The remark of Baxter is worthy of our regard:-" If family religion were duly attended to and properly discharged, I think the preaching of the Word would not be the common instrument of conversion." And Gurnall says: "The family is the nursery of the church. If the nursery be neglected, what, in time, will become of the gardens and the orchards?"

The examples of the faithful; the commendations which God has bestowed upon them in his word; his promises and threatenings; the obvious and numberless advantages resulting from domestic devotion, as to a personal religion and relative government with regard to those that preside in the family; and as to instruction, restraints, and motives, with regard to relations, children, and servants;-all this must surely be enough to induce any man capable of conviction, to terminate with a broken heart the mischiefs of neglect; and to "swear unto the Lord, and vow unto the mighty God of Jacob-Surely I will not come into the tabernacle of my house, nor go up into my bed; I will not give sleep to mine eyes, nor slumber to mine eyelids; until I find out a place for the Lord, a habitation for the mighty God of Jacob."

As to objections arising from fear, shame, a want of time, the unfashionableness of the usage, or its interfering with visits or dissipations; all this, in a being who yet owns himself to be a moral and an accountable creature, is unworthy of argument, and would be too much honoured by the attempt of refutation. There is one thing, however, that deserves notice: it is, the apprehension of inability to perform this duty. With respect to some, if not many, it is no breach of charity to conclude, that this is an excuse rather than a reason. It is disinclination, or, at least, the want of a more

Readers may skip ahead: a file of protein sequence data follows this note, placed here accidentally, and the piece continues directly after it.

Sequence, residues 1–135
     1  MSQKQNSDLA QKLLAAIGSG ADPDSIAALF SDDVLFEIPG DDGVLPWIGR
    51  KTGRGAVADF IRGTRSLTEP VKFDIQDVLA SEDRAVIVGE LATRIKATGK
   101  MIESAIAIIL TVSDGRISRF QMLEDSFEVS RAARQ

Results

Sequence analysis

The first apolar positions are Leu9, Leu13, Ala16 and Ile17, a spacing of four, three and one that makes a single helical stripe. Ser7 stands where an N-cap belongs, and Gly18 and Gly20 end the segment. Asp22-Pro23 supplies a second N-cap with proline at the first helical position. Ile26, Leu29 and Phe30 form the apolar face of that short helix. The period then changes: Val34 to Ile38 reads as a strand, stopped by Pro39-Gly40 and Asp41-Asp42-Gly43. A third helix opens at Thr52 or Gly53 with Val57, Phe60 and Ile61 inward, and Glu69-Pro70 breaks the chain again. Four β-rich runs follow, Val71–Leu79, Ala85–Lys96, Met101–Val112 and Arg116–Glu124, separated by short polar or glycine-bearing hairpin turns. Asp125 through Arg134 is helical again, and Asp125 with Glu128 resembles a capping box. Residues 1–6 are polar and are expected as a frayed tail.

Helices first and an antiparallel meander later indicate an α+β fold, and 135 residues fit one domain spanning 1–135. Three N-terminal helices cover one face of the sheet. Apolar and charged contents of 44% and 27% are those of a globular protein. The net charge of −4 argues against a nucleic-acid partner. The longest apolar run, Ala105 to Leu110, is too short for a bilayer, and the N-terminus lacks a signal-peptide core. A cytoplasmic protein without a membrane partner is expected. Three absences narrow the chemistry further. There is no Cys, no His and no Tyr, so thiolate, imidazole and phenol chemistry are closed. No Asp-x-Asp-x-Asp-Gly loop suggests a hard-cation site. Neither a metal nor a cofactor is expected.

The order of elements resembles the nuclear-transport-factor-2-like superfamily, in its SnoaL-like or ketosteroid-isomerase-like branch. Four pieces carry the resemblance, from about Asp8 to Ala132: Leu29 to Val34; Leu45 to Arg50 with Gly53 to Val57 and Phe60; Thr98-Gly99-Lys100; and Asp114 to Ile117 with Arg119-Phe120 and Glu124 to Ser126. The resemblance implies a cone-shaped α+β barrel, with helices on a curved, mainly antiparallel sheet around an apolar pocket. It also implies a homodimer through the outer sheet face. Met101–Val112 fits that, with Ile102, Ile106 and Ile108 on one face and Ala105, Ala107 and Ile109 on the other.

powerful conviction, that hinders them from adopting this salutary usage, rather than incapacity. There are few cases in which the old adage is not to be verified,

"Where there's a will there's a way."

You feel little difficulty in making known your distresses or wishes to a fellow-creature; and the Lord looketh, not to the excellency of the language, but to the heart. The facility would be increased by practice and the Divine blessing; and I cannot but earnestly recommend the use of free and extemporaneous prayer where it is practicable. There is in it a freshness, a particularity, an appropriateness, an immediate adoption and use of circumstances and events, which cannot be found in the best composed forms. Yet there are those who have only a slender degree of religious knowledge, or discover a natural slowness and hesitancy of utterance, or feel a bashfulness of temper, so that they cannot gain confidence enough even to make a proper trial. And this diffidence is often found, even with persons of education and understanding. Indeed, such are more likely to feel difficulty than the vulgar and illiterate, whose ignorance is friendly to fluency, and whose confidence is not perplexed by modes of expression, and embarrassed by the influence of reputation. Now, in cases of inability or extreme difficulty, we would most earnestly recommend the use of forms in preference to neglect. After using these helps for a season, most persons would be able to proceed without them.

N.B.-The following will be found both a cheap and an excellent guide:Family Prayers, by the Rev. George Smith, of Poplar. To this the more opulent may add the admirable volumes of Mr. Jay, Dr. Morison, and Dr. Fletcher.